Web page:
Alpha Omega Alpha Honor Medical Society

2014 Research Abstract

The role of mTOR in exercise dependent axon regeneration through a peripheral nerve graft following spinal cord injury

Investigator: Matthew Recker, Drexel University College of Medicine

Mentor: John D. Houle, PhD

Abstract:
Mammalian target of rapamycin (mTOR) – a signaling molecule involved in protein synthesis, cell growth, and cell proliferation – has been shown to be involved in neural plasticity and regeneration in the CNS. Forced exercise following spinal cord injury in rats causes an upregulation of neurotrophic factors and an increase in axon regeneration through a peripheral nerve graft (PNG). The aim of this study is twofold: to determine whether mTOR signaling is a necessary component of axonal regeneration through a PNG following spinal cord transection and to determine whether mTOR signaling is responsible for the increase in regeneration with forced exercise. This is accomplished using rapamycin, which blocks mTOR signaling. Axons damaged during spinal cord transection will regenerate through a PNG that has been apposed to the lesion. Neurons whose axons regenerated through the graft can then be labeled by applying the retrograde fluorescent tracer True Blue to the distal end of the graft. Therefore, the number of True Blue positive neurons in the spinal cord serves to quantify regenerative capacity.

In all rats, a complete spinal cord transection was performed at T12 and a graft from the tibial nerve of a donor rat was apposed to the spinal cord. The number of regenerating neurons was compared between four cohorts:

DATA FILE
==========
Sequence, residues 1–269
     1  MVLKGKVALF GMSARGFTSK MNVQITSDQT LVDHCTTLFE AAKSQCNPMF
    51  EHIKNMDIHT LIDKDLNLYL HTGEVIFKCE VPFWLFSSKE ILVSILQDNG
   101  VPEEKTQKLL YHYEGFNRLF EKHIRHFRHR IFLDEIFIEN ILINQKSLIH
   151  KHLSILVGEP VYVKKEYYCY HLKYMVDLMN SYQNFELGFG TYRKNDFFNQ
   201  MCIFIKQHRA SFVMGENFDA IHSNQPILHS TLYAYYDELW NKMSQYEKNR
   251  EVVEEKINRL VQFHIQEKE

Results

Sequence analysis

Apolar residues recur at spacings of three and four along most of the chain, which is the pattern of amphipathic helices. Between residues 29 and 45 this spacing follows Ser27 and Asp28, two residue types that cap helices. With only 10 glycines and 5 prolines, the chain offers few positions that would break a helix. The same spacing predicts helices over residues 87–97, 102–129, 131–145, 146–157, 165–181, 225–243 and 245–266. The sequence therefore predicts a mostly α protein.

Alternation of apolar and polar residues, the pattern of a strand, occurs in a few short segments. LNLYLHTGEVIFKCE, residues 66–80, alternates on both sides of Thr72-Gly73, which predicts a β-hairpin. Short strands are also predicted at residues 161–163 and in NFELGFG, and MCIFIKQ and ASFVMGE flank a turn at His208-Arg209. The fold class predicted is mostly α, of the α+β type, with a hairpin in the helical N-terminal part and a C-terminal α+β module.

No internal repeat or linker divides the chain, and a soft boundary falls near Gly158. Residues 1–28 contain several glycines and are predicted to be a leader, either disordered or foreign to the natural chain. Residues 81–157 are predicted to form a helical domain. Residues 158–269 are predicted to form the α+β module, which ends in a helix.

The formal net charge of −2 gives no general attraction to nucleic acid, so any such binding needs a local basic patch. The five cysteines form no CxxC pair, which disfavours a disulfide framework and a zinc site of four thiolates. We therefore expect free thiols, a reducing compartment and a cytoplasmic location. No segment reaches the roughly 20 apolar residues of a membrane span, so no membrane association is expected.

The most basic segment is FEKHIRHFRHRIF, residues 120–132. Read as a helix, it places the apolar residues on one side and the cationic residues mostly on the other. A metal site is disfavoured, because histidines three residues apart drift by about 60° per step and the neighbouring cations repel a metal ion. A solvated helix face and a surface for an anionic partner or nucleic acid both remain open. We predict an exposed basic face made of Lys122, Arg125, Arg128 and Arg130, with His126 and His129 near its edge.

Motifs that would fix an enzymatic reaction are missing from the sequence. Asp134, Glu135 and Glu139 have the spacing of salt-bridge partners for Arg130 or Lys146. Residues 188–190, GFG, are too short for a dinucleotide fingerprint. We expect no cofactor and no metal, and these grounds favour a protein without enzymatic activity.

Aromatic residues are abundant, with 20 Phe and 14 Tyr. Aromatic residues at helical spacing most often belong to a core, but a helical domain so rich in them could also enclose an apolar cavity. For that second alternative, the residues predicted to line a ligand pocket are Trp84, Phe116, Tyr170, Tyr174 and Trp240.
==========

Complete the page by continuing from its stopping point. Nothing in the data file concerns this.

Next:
• T12 transection (Tx), PNG, no exercise, no rapamycin (Tx+PNG)
  • T12 transection, PNG, no exercise, rapamycin (Rap) (Tx+PNG+Rap)
  • T12 transection, PNG, exercise (Ex), no rapamycin (Tx+PNG+Ex)
  • T12 transection, PNG, exercise, rapamycin (Tx+PNG+Ex+Rap)
Florescence microscopy was utilized to identify and manually count True Blue positive neurons in the spinal cord. Data collection for this project is currently incomplete. Thus far, the data shows a significant decrease in the number of regenerating neurons in rapamycin treated animals rostral to the lesion cavity. These data suggest, as demonstrated by other researchers, that mTOR signaling is an integral component of the regenerative response of injured CNS neurons. Completion of the project will allow for evaluation of the role of mTOR in the exercise-induced increase in regenerative potential.

Last modified: 9/11/2015

Updated on September 11, 2015.


© 2017 Alpha Omega Alpha Honor Medical Society